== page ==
[Python-Dev] Switch statement

Guido van Rossum guido at python.org
Thu Jun 22 17:52:37 CEST 2006

On 6/21/06, Phillip J. Eby <pje at telecommunity.com> wrote:
> At 01:16 PM 6/21/2006 -0700, Guido van Rossum wrote:
> >Yeah, but if you have names for your constants it would be a shame if
> >you couldn't use them because they happen to be defined in the same
> >scope.
> Maybe the real answer is to have a "const" declaration, not necessarily the
> way that Fredrik suggested, but a way to pre-declare constants e.g.:
>      const FOO = 27

The problem with this is that I don't see how to export this property
from one module to another. If module A has the above statement and
module B does "from A import FOO" then how does the parser know that
FOO is a constant when it's parsing B? (Remeber the parser only sees
one module at a time; I don't want to drop this separate compilation
facility.) It seems you would still end up with lots of duplicate
const declarations (e.g. "from A import const FOO"). And it should
also be possible to say "import A" and then use "A.FOO" as a constant.

I really don't think this ad-hoc solution is going to work.

> And then require case expressions to be either literals or constants.  The
> constants need not be computable at compile time, just runtime.  If a
> constant is defined using a foldable expression (e.g. FOO = 27 + 43), then
> the compiler can always optimize it down to a code level
> constant.  Otherwise, it can just put constants into cells that the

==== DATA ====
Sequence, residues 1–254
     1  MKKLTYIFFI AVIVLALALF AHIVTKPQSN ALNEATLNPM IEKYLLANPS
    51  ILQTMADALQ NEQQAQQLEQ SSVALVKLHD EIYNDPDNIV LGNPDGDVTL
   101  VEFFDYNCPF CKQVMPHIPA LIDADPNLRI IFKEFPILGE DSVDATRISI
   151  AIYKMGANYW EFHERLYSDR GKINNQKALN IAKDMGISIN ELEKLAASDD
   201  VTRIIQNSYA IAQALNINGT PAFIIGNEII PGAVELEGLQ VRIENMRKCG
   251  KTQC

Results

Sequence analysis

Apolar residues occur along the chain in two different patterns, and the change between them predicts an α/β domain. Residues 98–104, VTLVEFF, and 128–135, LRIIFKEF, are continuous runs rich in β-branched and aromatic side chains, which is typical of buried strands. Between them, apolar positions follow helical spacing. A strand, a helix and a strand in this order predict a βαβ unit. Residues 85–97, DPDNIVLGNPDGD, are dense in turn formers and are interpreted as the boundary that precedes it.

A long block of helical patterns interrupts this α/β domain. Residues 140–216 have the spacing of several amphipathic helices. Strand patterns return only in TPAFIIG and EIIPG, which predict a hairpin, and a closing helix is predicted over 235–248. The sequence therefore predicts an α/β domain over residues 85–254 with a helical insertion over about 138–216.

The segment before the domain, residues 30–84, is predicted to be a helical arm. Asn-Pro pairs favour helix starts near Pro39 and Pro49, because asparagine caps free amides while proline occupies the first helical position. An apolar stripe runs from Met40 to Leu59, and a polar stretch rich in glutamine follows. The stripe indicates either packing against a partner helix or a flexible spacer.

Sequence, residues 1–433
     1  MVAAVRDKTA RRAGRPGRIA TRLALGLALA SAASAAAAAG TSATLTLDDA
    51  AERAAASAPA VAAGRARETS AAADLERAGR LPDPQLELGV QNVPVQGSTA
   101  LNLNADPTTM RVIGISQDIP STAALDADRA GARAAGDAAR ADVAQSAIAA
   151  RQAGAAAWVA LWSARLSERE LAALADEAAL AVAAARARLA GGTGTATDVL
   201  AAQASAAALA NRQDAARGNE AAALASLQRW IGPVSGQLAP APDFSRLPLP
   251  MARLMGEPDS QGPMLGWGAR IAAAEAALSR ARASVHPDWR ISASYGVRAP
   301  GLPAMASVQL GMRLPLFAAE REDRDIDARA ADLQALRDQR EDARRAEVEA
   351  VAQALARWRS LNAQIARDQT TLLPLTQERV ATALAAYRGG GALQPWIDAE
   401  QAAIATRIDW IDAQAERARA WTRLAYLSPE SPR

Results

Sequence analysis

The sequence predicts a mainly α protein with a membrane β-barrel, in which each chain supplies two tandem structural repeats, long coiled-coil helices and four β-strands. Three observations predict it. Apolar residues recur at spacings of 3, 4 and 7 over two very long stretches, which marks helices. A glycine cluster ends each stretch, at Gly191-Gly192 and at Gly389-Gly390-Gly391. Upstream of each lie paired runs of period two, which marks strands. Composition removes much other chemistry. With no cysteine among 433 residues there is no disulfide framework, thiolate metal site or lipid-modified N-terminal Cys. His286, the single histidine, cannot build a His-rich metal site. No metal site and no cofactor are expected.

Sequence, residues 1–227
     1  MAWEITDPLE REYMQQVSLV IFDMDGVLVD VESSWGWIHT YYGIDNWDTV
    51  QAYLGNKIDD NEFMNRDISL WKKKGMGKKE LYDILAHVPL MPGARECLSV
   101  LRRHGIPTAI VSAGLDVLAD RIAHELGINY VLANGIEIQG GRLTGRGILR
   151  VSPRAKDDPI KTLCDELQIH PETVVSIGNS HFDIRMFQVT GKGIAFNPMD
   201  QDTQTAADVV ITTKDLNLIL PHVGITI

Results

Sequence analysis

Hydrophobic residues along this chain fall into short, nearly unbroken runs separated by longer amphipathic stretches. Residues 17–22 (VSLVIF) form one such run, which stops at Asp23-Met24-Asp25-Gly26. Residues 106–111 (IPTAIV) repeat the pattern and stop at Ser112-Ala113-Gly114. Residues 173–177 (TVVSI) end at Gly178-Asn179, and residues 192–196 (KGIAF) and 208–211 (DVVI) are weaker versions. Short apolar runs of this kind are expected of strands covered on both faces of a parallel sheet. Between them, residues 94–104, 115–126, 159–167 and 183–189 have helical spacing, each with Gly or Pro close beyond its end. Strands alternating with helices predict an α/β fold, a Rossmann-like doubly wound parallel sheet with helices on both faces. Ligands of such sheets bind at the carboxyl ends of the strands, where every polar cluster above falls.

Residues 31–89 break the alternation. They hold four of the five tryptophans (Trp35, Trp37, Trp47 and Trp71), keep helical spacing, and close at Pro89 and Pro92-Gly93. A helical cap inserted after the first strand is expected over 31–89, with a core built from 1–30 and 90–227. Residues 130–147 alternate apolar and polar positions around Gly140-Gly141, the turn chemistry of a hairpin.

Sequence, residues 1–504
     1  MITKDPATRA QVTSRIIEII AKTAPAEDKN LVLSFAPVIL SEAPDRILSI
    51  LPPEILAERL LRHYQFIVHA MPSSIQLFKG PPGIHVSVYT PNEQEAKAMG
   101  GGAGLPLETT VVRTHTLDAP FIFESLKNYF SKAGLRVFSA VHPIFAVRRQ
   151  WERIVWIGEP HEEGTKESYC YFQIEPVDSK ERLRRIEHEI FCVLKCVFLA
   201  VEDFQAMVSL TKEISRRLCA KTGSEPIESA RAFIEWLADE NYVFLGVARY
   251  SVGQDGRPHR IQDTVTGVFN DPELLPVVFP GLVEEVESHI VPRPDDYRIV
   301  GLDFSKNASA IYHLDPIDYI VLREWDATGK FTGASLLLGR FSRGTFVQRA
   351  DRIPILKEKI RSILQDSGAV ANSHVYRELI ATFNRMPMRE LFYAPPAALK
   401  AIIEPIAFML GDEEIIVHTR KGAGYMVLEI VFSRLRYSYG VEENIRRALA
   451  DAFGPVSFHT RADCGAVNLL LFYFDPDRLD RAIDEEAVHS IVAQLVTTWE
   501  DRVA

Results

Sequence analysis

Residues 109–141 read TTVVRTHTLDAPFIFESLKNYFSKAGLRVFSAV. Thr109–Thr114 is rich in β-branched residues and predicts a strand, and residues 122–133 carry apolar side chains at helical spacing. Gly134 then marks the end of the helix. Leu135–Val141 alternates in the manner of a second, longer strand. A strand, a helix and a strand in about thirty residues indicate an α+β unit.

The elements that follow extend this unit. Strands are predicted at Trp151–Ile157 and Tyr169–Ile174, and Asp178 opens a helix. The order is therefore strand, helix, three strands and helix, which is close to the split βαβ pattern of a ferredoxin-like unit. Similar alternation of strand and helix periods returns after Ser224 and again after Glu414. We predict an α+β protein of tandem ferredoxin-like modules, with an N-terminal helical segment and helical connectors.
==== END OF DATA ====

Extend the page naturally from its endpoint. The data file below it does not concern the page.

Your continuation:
> functions use as part of their closure.  (For that matter, the switch
> statement jump tables, if any, can be put in a cell too.)
> >I don't like "first use" because it seems to invite tricks.
> Okay, then I think we need a way to declare a global as being constant.  It
> seems like all the big problems with switch/case basically amount to us
> trying to wiggle around the need to explicitly declare constants.

And I don't believe declaring constants is going to work; not without
a much bigger change to the language and the way we think about it.
This is because "const-ness" isn't a property that you can encode as a
new type of object. It is a compile-time property of *names*. The only
similar thing in Python is globals. But global declarations are
intentionally a bit clunky because we believe overuse of the feature
would be a mistake. But we wouldn't want to discourage constant
declaration if we had them, so having to repeat the 'constant' keyword
in every module that uses a particular constant would be a painful

Is your objection purely based on the problems of getting switch to
behave the same way inside and outside a function? I'd rather forbid
or cripple switch outside functions than either add constant
declarations or switch to first-use semantics.

--Guido van Rossum (home page: http://www.python.org/~guido/)

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